An EICR is a report used to find potential dangers associated with a property’s electrics and give recommendations for possible action to be taken.

When electrical installation inspection and testing occur, and all is found well, the electrical engineer conducting the testing will issue the landlord with a report that acts as your certificate to show that testing has taken place and your property has passed inspection.

Conclusion

While you have a duty as a landlord to do everything in your power to protect your tenants from the risks of electric shock and electrical fires, it still makes good business sense to protect yourself with insurance for commercial properties.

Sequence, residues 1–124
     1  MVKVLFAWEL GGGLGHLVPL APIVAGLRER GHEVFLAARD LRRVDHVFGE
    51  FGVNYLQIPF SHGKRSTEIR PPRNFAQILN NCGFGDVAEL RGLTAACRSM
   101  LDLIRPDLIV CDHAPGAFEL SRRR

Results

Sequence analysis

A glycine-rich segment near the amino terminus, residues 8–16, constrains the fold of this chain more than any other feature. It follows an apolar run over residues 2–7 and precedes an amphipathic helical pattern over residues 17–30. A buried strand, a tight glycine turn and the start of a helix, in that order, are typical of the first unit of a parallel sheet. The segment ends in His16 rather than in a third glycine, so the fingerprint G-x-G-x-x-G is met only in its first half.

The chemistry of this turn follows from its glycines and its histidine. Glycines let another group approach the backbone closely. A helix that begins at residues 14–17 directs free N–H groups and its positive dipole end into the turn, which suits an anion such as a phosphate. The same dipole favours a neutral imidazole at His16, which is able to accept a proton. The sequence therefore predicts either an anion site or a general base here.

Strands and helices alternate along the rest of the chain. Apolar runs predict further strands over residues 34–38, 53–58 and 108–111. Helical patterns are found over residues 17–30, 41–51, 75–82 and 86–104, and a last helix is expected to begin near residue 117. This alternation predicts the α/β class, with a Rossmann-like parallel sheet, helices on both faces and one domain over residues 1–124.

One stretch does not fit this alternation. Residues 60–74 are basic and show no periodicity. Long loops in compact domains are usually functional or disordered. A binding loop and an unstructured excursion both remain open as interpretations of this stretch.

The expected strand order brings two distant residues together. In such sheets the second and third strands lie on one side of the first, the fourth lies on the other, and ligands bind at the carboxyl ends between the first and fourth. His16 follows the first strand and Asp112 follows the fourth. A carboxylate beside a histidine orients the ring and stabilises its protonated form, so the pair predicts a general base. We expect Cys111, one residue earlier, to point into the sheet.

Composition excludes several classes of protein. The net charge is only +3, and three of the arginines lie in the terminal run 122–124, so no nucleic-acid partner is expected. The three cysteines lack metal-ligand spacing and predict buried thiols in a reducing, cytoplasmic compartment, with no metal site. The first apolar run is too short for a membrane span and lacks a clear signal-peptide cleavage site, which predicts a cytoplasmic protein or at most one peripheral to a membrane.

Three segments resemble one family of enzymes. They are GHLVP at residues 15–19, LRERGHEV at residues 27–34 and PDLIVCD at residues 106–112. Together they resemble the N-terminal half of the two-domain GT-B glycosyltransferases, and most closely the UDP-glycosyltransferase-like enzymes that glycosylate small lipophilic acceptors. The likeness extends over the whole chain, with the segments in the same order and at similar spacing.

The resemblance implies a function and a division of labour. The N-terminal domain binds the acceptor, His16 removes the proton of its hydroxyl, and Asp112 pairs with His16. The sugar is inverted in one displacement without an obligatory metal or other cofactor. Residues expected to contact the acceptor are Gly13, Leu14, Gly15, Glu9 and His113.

You can include commercial landlord building insurance in your policy along with other essential elements that will help to cover your costs in an emergency. Landlord insurance is just one way to protect yourself and your livelihood from risks.

Meeting your gas safety and electrical safety testing compliance is required by law, and ensuring your rental property is as safe for your tenants as it can be will help prevent you from falling foul of government regulations and reduce the risk of you needing to make a claim on your landlord building insurance. Are you aware of the potential risks your business faces? Talk to our business insurance specialists at Brisco Business to assess your needs.

Darragh Timlin

With over 25 years’ experience, Darragh is an expert in all things insurance. Starting his career in commercial property underwriting, Darragh has worked for a number of global insurers and is now Managing Director of Brisco Business, part of the wider Henry Seymour Group.

All articles by Darragh Timlin